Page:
The Role of Nitric Oxide


Nitric oxide plays an important role in our body.  Research is still ongoing as we learn more and more about this molecule. Here are some of the actions of nitric oxide to help you understand the importance of having optimal levels of it. 

Nitric oxide (NO) is a free radical produced in our body, mainly in endothelial cells of the blood vessels. The endothelium is the inner lining of our blood vessels. Nitric oxide is also produced in many other cells such as neurons (nerve cells), heart muscle cells, kidney cells, and certain immune cells such as macrophages (1). 

Nitric oxide was formerly known as ‘endothelial-derived relaxing factor’ because it relaxes the smooth muscles in the blood vessels, allowing them to dilate (expand). That means it can regulate blood pressure through the relaxation of blood vessels. It has protective effects, helping prevent atherosclerosis (cholesterol and fat buildup along arteries) and cardiovascular disease. Apart from this important function, nitric oxide is known to play other major roles in our body. 

Nitric oxide helps smooth muscle of blood vessel to help with circulation.
Visual of smooth muscle not relaxed and in relaxed states with Nitric Oxide

How is NO regulated in our bodies?

Nitric oxide (NO) release is increased by dietary factors like arginine, citrulline, and vitamin C. Nitric oxide is produced in our bodies by the NOS pathway, where nitric oxide synthase converts l-arginine into nitric oxide (10).

This pathway is activated by numerous stimuli, such as hormones and stress.

When you consume a diet high in saturated fats, nitric oxide production can become impaired. 

The bioavailability of nitric oxide is reduced by oxidation. Oxidation is a chemical reaction that takes place when a substance comes into contact with oxygen. Nitric oxide is a free radical, an unstable molecule due to its uneven number of electrons. This causes it to react easily with other molecules, particularly oxygen. Antioxidants may protect nitric oxide from destruction, allowing it to act longer or more strongly. Antioxidants are molecules that can donate electrons to free radicals. This would stabilize the free radical and prevent its oxidation and, thus, its destruction. 

What are the benefits of NO for our body functions?

Nitric oxide plays an important role in our body. However, as with any molecule, too much nitric oxide also has negative attributes. Research is still ongoing as we learn more and more about this molecule. Here are some of the actions of nitric oxide to help you understand the importance of having optimal levels of it.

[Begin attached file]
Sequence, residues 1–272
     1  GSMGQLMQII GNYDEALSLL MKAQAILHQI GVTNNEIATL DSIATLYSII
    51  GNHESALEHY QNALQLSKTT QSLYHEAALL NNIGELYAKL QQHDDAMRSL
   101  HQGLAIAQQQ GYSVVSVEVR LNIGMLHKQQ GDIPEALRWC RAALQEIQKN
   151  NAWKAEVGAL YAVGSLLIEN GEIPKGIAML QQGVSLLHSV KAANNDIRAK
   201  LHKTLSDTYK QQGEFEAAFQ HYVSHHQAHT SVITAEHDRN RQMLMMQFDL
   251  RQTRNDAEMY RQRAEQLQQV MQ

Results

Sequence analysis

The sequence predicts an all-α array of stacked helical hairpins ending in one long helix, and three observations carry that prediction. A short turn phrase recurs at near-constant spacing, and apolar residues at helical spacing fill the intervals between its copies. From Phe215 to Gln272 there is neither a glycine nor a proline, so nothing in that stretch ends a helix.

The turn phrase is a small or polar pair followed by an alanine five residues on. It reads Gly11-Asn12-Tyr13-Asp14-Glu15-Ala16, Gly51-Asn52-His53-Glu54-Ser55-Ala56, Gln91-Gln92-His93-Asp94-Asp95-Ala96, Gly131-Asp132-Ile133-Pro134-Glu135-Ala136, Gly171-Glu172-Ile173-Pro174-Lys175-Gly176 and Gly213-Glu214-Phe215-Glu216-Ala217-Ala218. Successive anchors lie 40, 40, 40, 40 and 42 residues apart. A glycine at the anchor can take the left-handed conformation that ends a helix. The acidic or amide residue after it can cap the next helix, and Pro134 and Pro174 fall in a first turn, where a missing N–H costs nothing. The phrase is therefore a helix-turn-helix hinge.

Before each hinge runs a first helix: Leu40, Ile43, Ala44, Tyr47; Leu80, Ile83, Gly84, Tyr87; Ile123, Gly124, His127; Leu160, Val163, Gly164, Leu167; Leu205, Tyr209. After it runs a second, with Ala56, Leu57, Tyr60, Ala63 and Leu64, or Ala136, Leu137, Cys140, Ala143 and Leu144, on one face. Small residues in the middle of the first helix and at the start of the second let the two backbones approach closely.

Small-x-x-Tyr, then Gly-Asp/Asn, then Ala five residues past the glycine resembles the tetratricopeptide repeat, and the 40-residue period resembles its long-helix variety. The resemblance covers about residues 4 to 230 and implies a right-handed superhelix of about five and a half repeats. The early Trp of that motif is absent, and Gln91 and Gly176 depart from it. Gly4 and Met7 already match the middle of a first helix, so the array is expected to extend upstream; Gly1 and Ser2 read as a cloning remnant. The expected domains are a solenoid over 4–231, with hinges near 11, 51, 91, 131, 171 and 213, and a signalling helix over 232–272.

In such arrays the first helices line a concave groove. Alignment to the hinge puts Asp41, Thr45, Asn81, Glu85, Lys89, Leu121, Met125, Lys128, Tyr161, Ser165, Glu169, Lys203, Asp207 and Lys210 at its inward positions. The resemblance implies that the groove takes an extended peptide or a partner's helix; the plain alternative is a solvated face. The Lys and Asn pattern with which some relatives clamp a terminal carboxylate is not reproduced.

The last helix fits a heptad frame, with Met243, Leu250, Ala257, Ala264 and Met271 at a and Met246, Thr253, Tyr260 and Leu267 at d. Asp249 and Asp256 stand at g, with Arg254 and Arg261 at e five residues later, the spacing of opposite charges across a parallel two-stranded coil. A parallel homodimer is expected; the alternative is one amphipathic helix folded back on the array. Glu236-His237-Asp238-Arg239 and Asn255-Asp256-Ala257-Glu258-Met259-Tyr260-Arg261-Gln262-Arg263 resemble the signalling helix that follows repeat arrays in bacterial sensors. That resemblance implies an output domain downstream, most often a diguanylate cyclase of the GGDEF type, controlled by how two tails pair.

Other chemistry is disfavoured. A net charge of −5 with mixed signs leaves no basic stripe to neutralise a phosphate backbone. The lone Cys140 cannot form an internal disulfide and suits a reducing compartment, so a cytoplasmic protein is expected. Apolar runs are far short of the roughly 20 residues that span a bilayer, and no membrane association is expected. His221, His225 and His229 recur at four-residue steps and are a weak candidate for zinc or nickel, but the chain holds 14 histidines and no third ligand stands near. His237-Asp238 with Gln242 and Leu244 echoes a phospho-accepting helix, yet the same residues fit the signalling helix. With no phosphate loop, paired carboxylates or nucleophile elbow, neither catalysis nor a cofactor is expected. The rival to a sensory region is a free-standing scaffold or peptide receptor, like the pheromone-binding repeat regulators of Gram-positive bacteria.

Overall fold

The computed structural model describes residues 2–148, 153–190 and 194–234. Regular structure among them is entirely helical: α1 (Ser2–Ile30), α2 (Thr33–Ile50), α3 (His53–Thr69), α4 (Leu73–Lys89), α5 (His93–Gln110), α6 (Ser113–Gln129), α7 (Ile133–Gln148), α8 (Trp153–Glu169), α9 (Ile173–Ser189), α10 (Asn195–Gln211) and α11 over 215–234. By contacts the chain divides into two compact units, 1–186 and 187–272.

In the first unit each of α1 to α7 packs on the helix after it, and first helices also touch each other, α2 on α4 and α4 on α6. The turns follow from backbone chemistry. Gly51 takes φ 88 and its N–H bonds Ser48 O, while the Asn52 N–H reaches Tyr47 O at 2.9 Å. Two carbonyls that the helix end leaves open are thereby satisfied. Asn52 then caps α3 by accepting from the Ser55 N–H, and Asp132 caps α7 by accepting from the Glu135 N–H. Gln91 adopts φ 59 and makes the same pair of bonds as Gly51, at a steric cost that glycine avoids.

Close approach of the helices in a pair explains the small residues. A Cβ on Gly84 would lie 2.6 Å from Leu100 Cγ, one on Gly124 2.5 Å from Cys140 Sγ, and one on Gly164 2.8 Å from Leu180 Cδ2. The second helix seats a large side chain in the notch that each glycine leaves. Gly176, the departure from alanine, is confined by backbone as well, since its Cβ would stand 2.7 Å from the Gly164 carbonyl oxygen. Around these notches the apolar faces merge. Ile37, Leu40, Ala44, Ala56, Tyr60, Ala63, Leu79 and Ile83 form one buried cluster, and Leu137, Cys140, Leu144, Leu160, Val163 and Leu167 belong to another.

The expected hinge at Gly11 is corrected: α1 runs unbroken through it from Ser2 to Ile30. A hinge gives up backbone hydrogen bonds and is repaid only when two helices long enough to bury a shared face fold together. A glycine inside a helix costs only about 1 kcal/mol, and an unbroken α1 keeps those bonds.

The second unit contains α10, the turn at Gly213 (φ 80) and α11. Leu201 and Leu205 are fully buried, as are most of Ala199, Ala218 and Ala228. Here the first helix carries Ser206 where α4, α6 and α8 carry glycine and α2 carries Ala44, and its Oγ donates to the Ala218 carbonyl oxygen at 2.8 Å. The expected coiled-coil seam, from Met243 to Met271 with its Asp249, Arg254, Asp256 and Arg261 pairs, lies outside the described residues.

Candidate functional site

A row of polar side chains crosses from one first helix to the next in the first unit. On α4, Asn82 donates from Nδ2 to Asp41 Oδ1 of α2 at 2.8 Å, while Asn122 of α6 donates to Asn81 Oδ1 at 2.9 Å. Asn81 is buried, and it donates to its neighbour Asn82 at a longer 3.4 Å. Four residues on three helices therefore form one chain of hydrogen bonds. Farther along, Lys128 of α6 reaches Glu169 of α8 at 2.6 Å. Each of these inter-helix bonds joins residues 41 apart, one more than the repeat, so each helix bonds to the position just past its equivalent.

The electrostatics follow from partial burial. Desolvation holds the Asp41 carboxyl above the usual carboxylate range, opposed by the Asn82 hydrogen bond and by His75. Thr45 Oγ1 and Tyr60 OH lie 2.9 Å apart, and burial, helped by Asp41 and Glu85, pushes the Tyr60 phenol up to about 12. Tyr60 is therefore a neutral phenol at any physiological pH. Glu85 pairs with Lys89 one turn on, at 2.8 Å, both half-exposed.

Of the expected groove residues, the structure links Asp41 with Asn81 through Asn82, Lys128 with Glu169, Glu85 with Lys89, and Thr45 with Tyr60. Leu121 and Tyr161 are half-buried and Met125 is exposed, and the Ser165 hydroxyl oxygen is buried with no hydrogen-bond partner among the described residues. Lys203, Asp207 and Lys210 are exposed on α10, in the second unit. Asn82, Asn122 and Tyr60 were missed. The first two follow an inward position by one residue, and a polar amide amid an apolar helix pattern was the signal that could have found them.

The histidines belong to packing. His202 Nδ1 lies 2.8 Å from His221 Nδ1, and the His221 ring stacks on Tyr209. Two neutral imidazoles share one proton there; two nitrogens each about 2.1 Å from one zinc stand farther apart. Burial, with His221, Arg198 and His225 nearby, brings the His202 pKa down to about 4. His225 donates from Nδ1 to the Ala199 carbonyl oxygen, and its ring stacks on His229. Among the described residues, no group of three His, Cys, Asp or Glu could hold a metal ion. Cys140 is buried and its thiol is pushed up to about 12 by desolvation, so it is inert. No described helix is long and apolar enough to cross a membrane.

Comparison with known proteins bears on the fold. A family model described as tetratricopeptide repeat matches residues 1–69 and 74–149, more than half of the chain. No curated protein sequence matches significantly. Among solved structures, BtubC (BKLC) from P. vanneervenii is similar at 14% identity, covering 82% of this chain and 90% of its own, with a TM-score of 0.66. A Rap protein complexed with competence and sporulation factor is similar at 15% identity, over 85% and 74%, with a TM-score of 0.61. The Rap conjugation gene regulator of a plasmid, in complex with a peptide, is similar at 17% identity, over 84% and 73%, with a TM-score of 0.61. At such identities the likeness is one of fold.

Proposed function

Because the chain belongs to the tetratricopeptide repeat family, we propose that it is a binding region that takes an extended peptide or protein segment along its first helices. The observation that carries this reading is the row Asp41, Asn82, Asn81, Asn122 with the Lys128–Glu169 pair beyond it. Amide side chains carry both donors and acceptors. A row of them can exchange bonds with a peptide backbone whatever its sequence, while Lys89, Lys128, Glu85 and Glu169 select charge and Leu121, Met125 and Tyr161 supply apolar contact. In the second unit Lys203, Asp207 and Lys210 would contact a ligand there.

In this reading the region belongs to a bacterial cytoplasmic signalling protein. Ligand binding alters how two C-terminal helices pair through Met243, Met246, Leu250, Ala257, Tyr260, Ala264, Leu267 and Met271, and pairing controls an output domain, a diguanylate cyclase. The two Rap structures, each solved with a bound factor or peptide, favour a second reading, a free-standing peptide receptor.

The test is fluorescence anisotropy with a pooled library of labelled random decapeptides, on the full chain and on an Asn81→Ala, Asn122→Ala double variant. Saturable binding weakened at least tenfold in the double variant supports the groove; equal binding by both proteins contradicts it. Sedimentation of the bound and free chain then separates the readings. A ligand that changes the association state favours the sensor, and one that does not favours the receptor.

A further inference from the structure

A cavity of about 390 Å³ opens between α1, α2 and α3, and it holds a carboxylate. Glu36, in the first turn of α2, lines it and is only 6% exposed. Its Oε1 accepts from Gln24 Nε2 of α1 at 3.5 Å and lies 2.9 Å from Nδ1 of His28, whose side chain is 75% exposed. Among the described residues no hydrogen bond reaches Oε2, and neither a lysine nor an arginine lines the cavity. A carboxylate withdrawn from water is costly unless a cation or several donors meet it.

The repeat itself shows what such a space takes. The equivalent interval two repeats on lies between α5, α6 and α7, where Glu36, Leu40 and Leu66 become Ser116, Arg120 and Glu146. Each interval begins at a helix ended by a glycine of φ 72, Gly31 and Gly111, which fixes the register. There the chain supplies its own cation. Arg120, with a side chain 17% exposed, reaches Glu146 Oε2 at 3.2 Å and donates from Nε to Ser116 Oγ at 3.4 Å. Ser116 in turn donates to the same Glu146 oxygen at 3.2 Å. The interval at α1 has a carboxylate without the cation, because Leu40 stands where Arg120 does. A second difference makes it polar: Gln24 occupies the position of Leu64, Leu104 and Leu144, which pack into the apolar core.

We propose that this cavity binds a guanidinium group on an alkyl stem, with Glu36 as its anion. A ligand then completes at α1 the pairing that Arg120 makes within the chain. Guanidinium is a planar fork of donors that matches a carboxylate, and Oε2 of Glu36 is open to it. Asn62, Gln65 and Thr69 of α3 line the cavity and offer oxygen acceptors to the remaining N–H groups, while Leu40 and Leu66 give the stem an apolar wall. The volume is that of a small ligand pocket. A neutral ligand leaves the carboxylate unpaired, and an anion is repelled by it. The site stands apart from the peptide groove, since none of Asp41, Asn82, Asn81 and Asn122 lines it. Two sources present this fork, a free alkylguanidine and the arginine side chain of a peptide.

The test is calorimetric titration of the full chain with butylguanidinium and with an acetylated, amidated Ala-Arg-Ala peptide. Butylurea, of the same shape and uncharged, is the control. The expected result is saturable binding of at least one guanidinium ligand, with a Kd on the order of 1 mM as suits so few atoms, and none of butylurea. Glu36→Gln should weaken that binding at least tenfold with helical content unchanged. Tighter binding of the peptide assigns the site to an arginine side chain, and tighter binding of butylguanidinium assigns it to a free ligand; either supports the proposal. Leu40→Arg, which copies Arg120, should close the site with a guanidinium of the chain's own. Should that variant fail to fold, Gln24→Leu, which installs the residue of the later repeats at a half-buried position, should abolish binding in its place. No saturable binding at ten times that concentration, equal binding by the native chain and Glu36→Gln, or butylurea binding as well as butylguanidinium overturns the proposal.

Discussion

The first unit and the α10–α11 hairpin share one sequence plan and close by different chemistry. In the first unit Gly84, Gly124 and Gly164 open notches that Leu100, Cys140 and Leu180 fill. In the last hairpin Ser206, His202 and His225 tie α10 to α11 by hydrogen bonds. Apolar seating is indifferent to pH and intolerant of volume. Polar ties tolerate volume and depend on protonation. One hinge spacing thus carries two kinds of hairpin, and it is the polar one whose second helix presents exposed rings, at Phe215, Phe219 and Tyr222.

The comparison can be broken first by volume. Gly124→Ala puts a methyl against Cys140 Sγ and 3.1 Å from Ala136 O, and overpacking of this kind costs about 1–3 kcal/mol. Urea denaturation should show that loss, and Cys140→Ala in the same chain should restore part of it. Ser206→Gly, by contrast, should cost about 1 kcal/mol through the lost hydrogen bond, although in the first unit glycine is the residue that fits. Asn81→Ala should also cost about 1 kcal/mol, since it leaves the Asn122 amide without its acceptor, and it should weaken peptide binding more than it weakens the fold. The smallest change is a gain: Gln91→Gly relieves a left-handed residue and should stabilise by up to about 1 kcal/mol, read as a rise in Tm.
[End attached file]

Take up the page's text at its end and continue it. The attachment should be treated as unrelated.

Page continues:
• Vasodilator action

Nitric oxide relaxes the smooth muscles in the wall of blood vessels, making them expand. This is known as vasodilation. 

  • Reducing blood pressure

Dilatation of blood vessels reduces blood pressure. How is this possible? When nitric oxide causes vasodilation, it results in the widening of our blood vessels, which causes a decrease in systemic vascular resistance. Systemic vascular resistance (SVR) is the amount of force exerted on the circulating blood by the blood vessels in the body. When the blood vessels widen (increase in diameter), SVR falls. This decrease, along with the increase in blood flow, leads to a reduction in our blood pressure (4). In short, a smaller diameter increases resistance and, consequently, the pressure, whereas dilation by nitric oxide causes expansion, less resistance, and lower pressure.

  • Improving blood flow 

When our blood vessels dilate due to the action of nitric oxide, the blood flow increases. This allows the blood to flow freely to each part of the body. The cells get oxygen and nutrients from the blood. Therefore when the blood flow improves, the oxygen and nutrient supply to all organ systems and their cells also improve. 

Nitric oxide will enhance blood flow to areas in our body that may lack oxygen and nutrients. When our tissues need more oxygen or nutrients (for example – during exercise), the tissues release vasodilators like nitric oxide. It will act on the smooth muscles of the walls of blood vessels, making them widen, thus improving blood flow.

  • Benefits for the heart

Nitric oxide is produced in heart muscle cells. Therefore, it plays a role in regulating our heart function. It regulates the tone of the coronary arteries (blood vessels that supply blood to the heart). Nitric oxide controls thrombogenicity. Thrombogenicity means the tendency of a material to be in contact with the blood to form a clot (6).